At the Movies with Alan Gekko: Black Rain “89”

MPAA Rating: R/ Genre: Action-Thriller/ Stars: Michael Douglas, Andy García, Ken Takakura, Kate Capshaw, Yūsaku Matsuda, Shigeru Kōyama, John Spencer, Guts Ishimatsu, Yuya Uchida, Tomisaburo Wakayama, Miyuki Ono, Luis Guzman, Stephen Root/ Runtime: 125 minutes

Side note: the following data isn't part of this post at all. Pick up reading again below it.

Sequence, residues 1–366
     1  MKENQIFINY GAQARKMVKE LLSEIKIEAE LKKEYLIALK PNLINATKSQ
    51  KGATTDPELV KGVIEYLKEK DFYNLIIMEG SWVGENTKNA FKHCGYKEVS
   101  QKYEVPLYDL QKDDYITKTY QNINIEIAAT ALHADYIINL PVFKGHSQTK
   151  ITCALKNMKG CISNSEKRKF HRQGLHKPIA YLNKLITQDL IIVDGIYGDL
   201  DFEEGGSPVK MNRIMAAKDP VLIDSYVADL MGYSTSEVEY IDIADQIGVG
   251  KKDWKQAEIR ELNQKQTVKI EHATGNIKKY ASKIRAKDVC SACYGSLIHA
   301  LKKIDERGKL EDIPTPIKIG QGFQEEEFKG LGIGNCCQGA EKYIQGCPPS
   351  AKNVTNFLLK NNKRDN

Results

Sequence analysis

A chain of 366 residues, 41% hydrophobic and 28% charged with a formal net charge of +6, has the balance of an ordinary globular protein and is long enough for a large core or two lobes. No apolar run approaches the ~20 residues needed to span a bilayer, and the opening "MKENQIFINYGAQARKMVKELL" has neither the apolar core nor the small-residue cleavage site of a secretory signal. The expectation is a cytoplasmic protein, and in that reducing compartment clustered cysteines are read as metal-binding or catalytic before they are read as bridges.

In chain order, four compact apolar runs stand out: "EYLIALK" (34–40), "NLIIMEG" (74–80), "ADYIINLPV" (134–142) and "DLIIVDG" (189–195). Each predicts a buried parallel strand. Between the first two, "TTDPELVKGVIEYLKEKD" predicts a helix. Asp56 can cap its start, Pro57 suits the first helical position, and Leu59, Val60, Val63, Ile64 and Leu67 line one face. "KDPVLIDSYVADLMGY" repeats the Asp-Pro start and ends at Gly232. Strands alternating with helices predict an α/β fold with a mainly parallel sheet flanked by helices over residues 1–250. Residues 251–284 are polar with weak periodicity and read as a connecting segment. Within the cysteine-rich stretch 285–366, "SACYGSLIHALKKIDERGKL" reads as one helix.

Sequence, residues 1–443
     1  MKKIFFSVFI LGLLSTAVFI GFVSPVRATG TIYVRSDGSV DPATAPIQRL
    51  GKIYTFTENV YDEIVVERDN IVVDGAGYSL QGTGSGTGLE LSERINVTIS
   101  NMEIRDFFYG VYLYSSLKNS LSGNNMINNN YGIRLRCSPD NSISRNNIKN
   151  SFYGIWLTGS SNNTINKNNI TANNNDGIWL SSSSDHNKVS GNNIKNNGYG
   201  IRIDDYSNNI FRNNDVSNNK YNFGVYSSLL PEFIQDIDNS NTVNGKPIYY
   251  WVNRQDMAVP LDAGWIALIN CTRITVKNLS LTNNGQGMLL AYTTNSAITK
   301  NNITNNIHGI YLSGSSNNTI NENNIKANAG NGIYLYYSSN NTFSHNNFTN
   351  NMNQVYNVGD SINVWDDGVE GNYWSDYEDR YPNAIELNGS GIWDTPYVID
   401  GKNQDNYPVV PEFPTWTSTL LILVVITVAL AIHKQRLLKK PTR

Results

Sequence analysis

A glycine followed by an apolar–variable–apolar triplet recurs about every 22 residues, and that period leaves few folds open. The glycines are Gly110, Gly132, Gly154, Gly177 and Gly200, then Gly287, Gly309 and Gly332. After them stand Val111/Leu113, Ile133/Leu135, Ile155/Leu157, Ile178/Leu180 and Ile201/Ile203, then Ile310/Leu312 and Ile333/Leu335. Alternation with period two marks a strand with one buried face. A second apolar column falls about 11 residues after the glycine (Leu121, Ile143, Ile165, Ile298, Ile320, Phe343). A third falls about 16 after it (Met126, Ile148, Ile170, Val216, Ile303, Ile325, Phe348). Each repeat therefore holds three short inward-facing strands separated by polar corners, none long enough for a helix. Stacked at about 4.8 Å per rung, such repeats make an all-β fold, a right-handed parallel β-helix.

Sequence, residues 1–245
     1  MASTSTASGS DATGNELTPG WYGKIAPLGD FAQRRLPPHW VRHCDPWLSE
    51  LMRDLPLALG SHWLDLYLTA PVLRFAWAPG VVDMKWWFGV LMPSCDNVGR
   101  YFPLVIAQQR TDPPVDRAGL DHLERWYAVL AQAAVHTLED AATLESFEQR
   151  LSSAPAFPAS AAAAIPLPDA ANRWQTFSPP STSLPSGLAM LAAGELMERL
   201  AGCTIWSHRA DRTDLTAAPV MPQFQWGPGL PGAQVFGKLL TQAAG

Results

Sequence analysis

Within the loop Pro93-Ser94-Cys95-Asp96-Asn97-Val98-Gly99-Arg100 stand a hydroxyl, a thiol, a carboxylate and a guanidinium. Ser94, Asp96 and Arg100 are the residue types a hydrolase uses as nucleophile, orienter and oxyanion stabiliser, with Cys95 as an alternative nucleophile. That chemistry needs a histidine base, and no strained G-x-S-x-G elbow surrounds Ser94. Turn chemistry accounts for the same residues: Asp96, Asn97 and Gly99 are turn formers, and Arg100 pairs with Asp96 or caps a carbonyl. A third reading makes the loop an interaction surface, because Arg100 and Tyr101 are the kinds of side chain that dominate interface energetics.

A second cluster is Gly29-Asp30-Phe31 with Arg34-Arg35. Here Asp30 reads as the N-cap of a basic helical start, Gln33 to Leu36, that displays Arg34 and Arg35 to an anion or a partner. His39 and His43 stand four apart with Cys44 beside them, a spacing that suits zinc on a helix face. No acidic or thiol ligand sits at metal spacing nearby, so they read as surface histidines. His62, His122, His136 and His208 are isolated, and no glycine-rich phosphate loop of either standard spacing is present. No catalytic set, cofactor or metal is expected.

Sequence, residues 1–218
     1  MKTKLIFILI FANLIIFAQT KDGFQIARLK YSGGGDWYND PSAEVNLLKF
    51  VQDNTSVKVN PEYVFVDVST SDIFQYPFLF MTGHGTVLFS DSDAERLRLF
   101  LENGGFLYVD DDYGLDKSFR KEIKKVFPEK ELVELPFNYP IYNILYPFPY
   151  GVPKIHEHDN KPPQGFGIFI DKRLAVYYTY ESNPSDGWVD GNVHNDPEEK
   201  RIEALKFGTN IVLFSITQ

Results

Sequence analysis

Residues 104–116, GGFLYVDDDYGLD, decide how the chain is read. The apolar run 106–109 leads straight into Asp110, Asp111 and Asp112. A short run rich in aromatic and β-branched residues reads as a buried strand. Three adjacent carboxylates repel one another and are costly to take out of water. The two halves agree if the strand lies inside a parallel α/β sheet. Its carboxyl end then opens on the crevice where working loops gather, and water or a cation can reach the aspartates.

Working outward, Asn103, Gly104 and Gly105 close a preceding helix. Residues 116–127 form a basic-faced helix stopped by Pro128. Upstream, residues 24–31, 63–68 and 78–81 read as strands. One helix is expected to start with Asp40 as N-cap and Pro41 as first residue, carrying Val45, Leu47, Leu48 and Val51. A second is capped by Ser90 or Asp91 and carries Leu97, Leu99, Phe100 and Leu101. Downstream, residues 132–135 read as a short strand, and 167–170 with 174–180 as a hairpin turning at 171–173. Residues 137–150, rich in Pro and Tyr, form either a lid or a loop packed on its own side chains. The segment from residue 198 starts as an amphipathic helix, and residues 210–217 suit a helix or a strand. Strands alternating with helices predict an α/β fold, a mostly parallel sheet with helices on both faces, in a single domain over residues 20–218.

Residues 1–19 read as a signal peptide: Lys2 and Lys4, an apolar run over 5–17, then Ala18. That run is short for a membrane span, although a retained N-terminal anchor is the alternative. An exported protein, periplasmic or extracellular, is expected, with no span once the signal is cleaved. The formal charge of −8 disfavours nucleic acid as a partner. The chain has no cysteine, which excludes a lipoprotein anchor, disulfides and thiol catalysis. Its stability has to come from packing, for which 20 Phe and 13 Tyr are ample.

I think it is safe to start this review off by saying that for the vast majority of people living in America during that iconic time known as the 1980s, the country of Japan was a complete and utter enigma to them. Indeed that is because, besides the general paranoia that the Japanese auto companies were driving ours out of business, the typical American felt that the proverbial land of the rising sun was one immersed in a blanket of ignorance from a culture perspective. It is perhaps astonishing to note then that, despite the international popularity of anime like Dragonball Z, Pokémon, Ghost in the Shell, Full Metal Alchemist and video games developed by such titans as Sony and Hideo Kojima, things sadly have not changed as much in the time since as they ought’ve. A riveting example of this would have to be the time I was eating some delicious Japanese food only to hear some random woman going on with her boyfriend about what it was the like the very first time she had sushi (much to my ears’ dismay you can imagine). “So like I totally saw that they had a tuna roll among the list of options and I was like oh my god! A roll as in bread you know? But like when it came out it wasn’t bread, but seaweed like what the heck man?” sigh Granted, the town where I live is no cultural epicenter (except when it comes to delicious TexMex), but really? I suppose I’m a bit sensitive because I try to give every culture the benefit of the doubt due to approaching things from the point of view of a true blue 100% genuine humanist. Suffice it to say then that my attention is always to some degree acquired when I hear about anything from a cinematic perspective that deals with a person from one country trying to make their way in a country they have neither the knowledge of how things operate nor the inclination to do so…at least at first. As a result that is why I can say that when I first heard the very basics for film helming legend Ridley Scott’s 1989 action-thriller Black Rain, a film that incidentally for years the film was remotely on my radar due to being seen by many as one of Scott’s lesser works, I was concerned that the movie would just be a grocery list of horrific stereotypes about the country of Japan supported by the ingredients that make up a typical buddy cop film. Having now seen the film I can say that guess was about 55% accurate (not my personal best, but ehh I’ll take it). I say that because as an entry in the cop drama, this film is a downright flood of every cliché in the book. At the same time however, setting this movie in Japan is a unique wrinkle and even though the compare/contrast of both cultures does tend to veer on the heavy handed, this film is still decently objective in its examination thus making for a film that is not as bad as it could have been, but not as great at the same time either.